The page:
Cut 3 Sides of Each Panel in the “Lip” Area With Circular Saw
The next step in our Door Shelf project is to cut out these panels on the back side of the door. Once you have decided which side you would like to be facing out in your home, find a table and flip the door with the back side facing up. This is where you are going to need your circular saw. Again, if you are not familiar with a circular saw, find someone who is to help you out. Make sure you are wearing your eye and ear wear when using the circular saw. We are then going to measure from the blade to the edge of the saw. For me, that is 5 3/4″. I will then place the saw on the spot that I’ll be cutting, and will take a measuring tape and measure 5 3/4″ from my cutting area. I then mark that spot with a straight edge and 2 clamps. This area is called “the fence”. This will ensure that I get a straight cut, as the circular saw will move along “the fence” while I’m making my cuts.
Panel doors such as this will have a “lip” area around the panels. This is to hold the panels in place, as they are not glued or secured in. They simply sit in slots inside on the wooden “lip” surrounding the panel area. Because of this, we will only need to cut out 3 sides of the panel, because once your 3 sides are gone, you will be able to pop and slide the panels out. Be very careful when cutting, but if you happen to go a little too far on your cuts, it is not the end of the world. The beauty of projects like these are that the imperfections make them beautiful. You will cut the bottom lip and the left and right side of each panel “lip” on all 5 door panels.
Chisel Out The “Lips” and Pop Out The Panels
Now that your 3 lip sides are cut, you will need to chisel them out completely to make sure your panel can come out as easily as possible. Take your chisel and place the flat side up against the door, not the panel area. Take your hammer and get it down to the bottom of the “lip” wood, and then pry any remaining pieces out. After you’ve done the sides, make sure you get in the corners and tap those out as well. Repeat that process for the remaining panels.
Drill Holes for Your Chain & Pre-Drill Screw Holes For Your Door Shelf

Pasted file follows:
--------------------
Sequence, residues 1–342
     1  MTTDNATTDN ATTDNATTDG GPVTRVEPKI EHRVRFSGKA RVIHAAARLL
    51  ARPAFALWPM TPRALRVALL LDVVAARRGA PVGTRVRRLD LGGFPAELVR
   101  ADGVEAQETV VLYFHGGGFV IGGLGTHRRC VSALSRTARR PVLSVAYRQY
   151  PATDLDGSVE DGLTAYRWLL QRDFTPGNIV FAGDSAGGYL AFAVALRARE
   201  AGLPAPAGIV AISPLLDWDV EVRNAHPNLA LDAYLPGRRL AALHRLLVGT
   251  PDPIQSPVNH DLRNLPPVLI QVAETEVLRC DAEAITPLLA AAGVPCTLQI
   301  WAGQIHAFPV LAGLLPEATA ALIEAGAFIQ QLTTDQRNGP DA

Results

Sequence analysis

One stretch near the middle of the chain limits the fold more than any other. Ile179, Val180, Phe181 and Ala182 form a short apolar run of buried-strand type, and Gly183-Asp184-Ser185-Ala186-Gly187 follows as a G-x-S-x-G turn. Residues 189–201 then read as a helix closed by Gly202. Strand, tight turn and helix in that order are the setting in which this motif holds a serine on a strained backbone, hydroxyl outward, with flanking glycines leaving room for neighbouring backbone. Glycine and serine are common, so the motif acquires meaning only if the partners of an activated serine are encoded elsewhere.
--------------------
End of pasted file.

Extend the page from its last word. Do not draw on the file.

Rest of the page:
*In my project, I had one panel break in half that mysteriously was the perfect size for my top 2 panels (step 1) of my door shelf, 3″ and 6″. Because of this, I did not have to cut any panels to fit the measurements in step 1. I doubt you will have the same luck, so you will need to take your saw and cut one of your panels to fit those measurements, using the same procedures in step 2. We are now going to drill our holes to secure the shelves. First, you’re going to take a 3/8 bit and drill holes in the top left and right corner of each panel. On the opposite side of your panel, take a 1/8 bit and drill a hole about 1/2 inch from the edge of the panel in the center. Your final holes should be in a triangle shape on your panel.
Connecting your panels to your door
Your door should still be face down on a table, which is how it should remain. Take your first panel with the side with your single 1/8 hole in the center, and place it in on the ledge, straight up, on your door. You should then take a screw and LIGHTLY drill it into the center hole you predrilled to secure it to the door. This screw should NOT be tight. This is because our self is leaning. If you screw it in tightly at a 90 degree angle, your shelves will not be level to the floor. After you have lightly screwed your shelf in place, you will need to get out your decorative chain. Take one end of the chain and thread it through the first hole, going from the top of the shelf to the bottom, then across the bottom and up through the hole on the other side. Take your chain up to the corner of the opened panel area so estimate how much chain you will need for each shelf. You will not know exactly where to secure the chain, because again the door shelf is leaning. Cut your chain based on the amount you assume you will need. You will then take you mirror hooks (or eye hooks). Drill in your left mirror hook and connect the chain to the loop. You will go ahead and screw in the right mirror hook, but do not connect your chain to it. You will need to adjust these chains when your shelf is straight up. Repeat this step on all remaining panels.